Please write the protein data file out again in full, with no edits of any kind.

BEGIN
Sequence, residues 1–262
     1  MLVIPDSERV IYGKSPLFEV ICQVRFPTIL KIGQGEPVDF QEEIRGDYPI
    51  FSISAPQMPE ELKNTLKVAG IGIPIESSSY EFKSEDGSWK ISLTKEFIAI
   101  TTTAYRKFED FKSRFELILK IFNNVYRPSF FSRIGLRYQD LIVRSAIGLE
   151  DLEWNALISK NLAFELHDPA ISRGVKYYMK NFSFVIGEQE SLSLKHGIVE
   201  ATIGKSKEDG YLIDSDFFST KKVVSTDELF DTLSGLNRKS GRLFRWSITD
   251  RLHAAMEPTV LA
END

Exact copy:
Sequence, residues 1–262
     1  MLVIPDSERV IYGKSPLFEV ICQVRFPTIL KIGQGEPVDF QEEIRGDYPI
    51  FSISAPQMPE ELKNTLKVAG IGIPIESSSY EFKSEDGSWK ISLTKEFIAI
   101  TTTAYRKFED FKSRFELILK IFNNVYRPSF FSRIGLRYQD LIVRSAIGLE
   151  DLEWNALISK NLAFELHDPA ISRGVKYYMK NFSFVIGEQE SLSLKHGIVE
   201  ATIGKSKEDG YLIDSDFFST KKVVSTDELF DTLSGLNRKS GRLFRWSITD
   251  RLHAAMEPTV LA